The conference on emerging technologies that matter, EmTech Asia 2017 was recently held at the Marina Bay Sands, Singapore on 14th and 15th of February 2017. This year, EmTech Asia brought together global thought leaders, CEOs and CTOs, startups, scientists, R & D heads and investors from various fields of technology. This has always been a platform where people inspire each other through their innovations leading to collaborations.
Day 1 of Emtech Asia began with some excellent talks by scientists like Prof. Jackie Y. Ying from IBN, A*STAR who spoke on “Nanostructured Materials for Energy and Biomedical Applications.” Her group has designed and functionalized nanostructured materials for drug delivery, nanomedicine, biosensor, cell culture and tissue engineering applications. She gave an insight on the synthesis of metallic, metal oxides, semiconducting and organic nanoparticles, and nanocomposites of controlled size, morphology and architecture.
In a conversation with Biotechin.Asia, Prof. Jackie Y. Ying, Executive Director of IBN, spoke about her research and her quest to encourage young scientific minds.
What do you think would be the contributions of nanotechnology for a greener world, say in the next 3 years?
Our green chemistry and energy teams are working on catalysts to adsorb carbon dioxide, and also to convert them to useful chemicals. This is one of the ways in which nanotechnology is evolving to contribute to a greener world.
How well has one of your most prominent work on (−)-Epigallocatechin-3-O-gallate (EGCG), the major ingredient of green tea possessing anticancer and DNA-protective effects expedited in terms of clinical trials?
We are currently scaling up our EGCG technology and performing more animal studies on it before we can proceed to the next step, which is clinical trials. The entire process is expensive and requires a significant amount of funding. We hope to be able to bring our technology to patients in 3-5 years.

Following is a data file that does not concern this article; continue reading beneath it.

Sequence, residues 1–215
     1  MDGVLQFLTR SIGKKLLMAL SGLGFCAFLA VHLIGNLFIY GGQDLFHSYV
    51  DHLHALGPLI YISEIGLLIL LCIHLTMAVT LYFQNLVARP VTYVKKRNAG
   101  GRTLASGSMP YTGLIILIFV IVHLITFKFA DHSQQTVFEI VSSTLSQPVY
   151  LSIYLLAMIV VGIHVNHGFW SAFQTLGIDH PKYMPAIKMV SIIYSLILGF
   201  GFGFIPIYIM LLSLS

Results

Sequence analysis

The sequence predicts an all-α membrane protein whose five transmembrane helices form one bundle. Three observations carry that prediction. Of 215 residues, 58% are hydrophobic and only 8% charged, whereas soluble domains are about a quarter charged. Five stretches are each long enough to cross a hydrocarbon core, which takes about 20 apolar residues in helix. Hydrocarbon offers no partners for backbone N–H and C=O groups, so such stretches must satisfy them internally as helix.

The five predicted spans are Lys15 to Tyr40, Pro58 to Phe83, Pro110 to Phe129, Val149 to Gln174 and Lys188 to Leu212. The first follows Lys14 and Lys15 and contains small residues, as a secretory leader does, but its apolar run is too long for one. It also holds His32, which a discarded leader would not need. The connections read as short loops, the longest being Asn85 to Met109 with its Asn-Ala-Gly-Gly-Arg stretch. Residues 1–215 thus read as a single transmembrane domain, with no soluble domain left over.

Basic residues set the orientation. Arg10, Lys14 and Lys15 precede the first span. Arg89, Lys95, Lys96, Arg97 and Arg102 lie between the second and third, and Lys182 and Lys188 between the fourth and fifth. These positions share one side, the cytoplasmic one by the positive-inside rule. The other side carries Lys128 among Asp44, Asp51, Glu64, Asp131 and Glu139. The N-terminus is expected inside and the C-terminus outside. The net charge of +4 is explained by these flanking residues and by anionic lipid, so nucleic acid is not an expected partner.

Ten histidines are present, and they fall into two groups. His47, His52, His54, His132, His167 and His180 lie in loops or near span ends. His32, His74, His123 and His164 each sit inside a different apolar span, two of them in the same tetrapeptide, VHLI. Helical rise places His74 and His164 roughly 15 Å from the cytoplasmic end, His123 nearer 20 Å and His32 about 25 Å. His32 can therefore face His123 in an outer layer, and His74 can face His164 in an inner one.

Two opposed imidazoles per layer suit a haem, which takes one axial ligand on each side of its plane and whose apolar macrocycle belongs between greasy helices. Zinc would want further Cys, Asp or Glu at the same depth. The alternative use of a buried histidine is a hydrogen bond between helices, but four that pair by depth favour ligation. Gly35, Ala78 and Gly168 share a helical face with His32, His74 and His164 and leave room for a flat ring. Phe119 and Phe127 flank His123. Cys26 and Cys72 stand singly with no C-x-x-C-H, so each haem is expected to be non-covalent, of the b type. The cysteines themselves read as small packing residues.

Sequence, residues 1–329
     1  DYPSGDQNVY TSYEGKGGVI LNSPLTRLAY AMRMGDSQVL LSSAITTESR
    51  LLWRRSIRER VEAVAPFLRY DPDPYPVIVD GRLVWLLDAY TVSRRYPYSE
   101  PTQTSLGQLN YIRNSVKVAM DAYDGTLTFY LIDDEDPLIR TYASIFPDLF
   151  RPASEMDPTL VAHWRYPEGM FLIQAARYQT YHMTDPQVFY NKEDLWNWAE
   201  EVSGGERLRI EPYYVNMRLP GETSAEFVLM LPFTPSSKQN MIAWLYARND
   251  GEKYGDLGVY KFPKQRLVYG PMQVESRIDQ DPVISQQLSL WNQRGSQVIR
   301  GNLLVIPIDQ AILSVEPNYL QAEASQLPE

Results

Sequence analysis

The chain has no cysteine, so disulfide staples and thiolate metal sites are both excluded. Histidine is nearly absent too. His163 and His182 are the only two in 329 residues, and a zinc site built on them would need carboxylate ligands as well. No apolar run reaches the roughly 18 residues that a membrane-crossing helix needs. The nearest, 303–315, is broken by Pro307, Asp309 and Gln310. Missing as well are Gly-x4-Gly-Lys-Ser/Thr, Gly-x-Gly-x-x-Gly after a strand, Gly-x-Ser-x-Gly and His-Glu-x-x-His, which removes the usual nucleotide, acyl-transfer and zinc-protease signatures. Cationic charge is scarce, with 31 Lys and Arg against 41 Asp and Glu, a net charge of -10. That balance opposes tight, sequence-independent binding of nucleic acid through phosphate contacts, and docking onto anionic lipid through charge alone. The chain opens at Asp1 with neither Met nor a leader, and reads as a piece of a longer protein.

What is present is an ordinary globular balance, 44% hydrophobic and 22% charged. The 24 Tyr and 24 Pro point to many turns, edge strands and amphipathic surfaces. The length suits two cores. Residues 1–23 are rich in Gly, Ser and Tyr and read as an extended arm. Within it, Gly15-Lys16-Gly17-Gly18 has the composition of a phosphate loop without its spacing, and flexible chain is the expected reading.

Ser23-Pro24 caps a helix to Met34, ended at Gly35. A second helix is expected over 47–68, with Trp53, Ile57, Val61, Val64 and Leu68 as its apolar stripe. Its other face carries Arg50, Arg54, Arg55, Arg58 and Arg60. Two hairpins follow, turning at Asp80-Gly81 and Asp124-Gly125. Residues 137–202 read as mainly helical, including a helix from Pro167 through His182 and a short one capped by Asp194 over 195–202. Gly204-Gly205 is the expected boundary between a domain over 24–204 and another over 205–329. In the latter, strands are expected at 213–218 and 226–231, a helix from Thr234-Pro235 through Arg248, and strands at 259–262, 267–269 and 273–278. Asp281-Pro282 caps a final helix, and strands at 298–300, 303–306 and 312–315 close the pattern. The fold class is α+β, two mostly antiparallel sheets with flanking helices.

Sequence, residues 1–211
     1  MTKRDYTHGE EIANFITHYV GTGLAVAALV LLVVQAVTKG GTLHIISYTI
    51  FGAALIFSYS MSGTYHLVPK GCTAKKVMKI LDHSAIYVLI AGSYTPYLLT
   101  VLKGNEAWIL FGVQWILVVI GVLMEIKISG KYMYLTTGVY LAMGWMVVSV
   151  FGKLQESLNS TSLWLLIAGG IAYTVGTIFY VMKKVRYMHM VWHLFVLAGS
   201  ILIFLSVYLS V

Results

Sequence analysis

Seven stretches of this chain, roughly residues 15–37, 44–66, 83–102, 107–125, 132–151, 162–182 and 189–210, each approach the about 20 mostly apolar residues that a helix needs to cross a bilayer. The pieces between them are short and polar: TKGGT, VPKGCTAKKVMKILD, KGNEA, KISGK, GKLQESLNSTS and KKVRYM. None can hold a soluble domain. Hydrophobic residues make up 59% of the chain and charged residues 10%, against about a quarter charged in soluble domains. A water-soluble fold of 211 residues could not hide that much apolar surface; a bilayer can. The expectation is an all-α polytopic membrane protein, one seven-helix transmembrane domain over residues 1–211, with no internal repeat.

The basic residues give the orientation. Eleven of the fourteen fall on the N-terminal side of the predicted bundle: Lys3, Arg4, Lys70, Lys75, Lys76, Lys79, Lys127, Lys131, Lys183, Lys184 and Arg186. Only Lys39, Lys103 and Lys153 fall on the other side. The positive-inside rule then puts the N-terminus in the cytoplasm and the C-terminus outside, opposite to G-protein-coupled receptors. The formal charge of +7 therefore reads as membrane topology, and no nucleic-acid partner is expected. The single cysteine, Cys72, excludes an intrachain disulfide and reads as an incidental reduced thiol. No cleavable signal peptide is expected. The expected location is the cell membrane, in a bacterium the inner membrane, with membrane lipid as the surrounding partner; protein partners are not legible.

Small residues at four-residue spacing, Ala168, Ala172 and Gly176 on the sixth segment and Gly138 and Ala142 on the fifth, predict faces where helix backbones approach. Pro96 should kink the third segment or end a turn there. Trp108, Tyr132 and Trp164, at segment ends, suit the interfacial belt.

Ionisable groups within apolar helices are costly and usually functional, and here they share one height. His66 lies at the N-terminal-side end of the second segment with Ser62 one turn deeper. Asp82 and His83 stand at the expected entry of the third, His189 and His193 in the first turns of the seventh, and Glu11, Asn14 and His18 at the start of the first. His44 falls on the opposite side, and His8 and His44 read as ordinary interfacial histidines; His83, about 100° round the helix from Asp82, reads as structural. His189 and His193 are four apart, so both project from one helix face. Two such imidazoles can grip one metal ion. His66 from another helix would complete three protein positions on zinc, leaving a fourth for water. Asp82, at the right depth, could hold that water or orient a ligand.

Antibiotics are under the radar system with problems caused by drug- resistant bacteria. How has nanomedicine helped combat this hurdle?
Our team is actively working on antimicrobial nanomedicines that will be more effective than current technologies. Current antibiotics kill bacteria without destroying the cell membrane so the intact cell structure that remains would allow new drug-resistant bacteria to grow. Our polymer-based materials, on the other hand, penetrate the bacterial cell membrane to destroy it completely, preventing the formation of drug-resistant bacteria. This novel feature of our technology provides us with an upper hand in the fight against drug-resistant bacteria.
Prof Ying, why was research your core interest rather than a top management role in corporate life?
I love to think about different problems and come up with innnovative solutions or approaches to solve them. A good researcher has to be part innovator and part entrepreneur in order to come up with something novel that will make an impact on society. Through research, I am able to pursue my passion for science and learn new things every day. This intellectual stimulation is exactly why I love doing research.
How easy was it for you as a woman to be a pioneer in an evolving field like nanotechnology?